Blog by Sam Wyatt Personal Real Estate Corporation

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Vancouver Real Estate Statistics - July 2016

Vancouver westside Months of Inventory (MOI) has been slowly increasing since April.  Emphasis on slowly. 
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In spite of the increases, MOI remains firmly in sellers' market territory and apartment and attached homes have MOIs in the super hot market territory of about 1 month.
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The rise in MOI is a result of sales volumes slowly dropping from record highs in March in the case of apartments and very high volumes for attached and detached homes.
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Active listing volumes have remained fairly stable since March for all home types.  I expect to see Active listings rise through the summer as sales volumes continue to gradually fall.  Best to get your home listed now if you plan to sell this year.
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By any measure, prices in Vancouver continue to soar.  The Greater Vancouver Real Estate Board's HPI index for the Westside has the price of a "typical" detached home at over $3.4m!  A typical townhome is over $1m and a typical apartment is nearly $700k.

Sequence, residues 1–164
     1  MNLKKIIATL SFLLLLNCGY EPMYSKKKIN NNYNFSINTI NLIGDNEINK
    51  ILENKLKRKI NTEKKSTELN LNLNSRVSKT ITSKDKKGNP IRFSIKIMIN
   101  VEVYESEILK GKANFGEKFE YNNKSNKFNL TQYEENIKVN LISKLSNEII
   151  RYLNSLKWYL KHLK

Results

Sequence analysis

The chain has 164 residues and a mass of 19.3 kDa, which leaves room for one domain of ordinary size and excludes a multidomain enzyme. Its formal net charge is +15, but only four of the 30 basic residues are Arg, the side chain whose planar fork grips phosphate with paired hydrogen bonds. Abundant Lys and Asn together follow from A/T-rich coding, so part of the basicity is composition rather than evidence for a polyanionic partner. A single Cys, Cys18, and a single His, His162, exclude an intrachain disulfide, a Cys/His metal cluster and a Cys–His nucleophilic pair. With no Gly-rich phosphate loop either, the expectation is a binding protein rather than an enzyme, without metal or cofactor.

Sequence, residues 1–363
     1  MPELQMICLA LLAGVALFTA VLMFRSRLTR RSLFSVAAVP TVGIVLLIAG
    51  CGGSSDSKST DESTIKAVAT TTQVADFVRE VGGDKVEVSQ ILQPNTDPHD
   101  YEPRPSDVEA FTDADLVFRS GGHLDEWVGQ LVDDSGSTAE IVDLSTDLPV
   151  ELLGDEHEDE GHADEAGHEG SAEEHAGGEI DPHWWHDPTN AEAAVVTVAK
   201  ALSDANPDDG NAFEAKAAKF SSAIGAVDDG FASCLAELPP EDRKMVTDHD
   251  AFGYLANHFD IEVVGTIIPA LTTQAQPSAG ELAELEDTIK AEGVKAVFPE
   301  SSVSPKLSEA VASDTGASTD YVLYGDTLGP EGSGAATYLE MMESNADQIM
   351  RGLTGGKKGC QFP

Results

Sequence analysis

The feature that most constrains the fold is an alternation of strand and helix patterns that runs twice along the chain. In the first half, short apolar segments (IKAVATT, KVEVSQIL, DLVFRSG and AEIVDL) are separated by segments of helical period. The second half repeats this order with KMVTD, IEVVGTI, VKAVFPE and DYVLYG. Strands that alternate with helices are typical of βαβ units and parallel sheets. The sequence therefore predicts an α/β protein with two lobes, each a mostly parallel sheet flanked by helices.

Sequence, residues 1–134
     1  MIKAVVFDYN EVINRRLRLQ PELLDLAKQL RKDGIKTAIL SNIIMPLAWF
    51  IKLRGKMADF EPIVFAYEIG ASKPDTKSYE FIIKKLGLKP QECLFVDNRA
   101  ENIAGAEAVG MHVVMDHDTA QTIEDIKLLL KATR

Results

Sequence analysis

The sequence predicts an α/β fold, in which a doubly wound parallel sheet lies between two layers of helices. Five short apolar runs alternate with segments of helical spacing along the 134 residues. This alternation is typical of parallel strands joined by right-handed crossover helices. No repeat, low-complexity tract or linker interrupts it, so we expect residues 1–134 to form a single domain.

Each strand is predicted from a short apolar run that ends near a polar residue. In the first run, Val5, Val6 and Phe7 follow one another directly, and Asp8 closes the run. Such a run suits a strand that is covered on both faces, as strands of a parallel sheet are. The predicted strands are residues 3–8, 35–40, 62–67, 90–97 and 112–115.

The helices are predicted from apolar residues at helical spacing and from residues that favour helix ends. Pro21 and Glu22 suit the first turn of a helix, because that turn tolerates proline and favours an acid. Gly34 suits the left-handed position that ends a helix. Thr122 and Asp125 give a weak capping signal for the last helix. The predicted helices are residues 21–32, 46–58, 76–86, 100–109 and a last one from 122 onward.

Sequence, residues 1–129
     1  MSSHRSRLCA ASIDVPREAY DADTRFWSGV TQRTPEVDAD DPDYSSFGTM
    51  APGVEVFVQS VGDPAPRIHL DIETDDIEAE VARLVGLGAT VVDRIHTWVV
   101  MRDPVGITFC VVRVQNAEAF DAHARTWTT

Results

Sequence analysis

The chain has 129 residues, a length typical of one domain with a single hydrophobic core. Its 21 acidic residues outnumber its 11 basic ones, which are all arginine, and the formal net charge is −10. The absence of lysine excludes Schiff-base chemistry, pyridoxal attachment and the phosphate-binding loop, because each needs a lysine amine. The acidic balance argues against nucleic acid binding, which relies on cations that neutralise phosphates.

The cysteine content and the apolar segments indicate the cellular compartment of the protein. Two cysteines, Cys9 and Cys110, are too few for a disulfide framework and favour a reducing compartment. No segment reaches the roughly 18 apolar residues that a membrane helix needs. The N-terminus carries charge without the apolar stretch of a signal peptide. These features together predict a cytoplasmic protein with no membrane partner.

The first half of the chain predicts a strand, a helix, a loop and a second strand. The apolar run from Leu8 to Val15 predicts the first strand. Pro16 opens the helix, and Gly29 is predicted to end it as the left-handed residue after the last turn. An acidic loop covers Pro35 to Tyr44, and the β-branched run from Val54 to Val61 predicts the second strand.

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Average sale prices for Westside detached homes are just shy of record highs at over $4.1m; attached homes over $1.3m and apartments over $825k!
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The median price per square foot gap between detached homes and both apartments and attached homes remains well over $300/sq.ft. and over $400/sq.ft. for average price per square foot.  This is an ideal time to downsize out of a house into an apartment or townhome.

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*Remember that Months of Inventory (MOI) is a measure derived from the number of active listings during a given month divided by the number of sales that month. It indicates the theoretical length of time it would take to sell all of the properties on the market if nothing changed. Historically, 0-5 months of inventory has generally implied upward price pressure for the ensuing six months, 5-8 months of inventory meant a flat market with respect to pricing and over 8 months of inventory has, for the most part, precipitated downward price pressure.

By Sam Wyatt - Vancouver Realtor.
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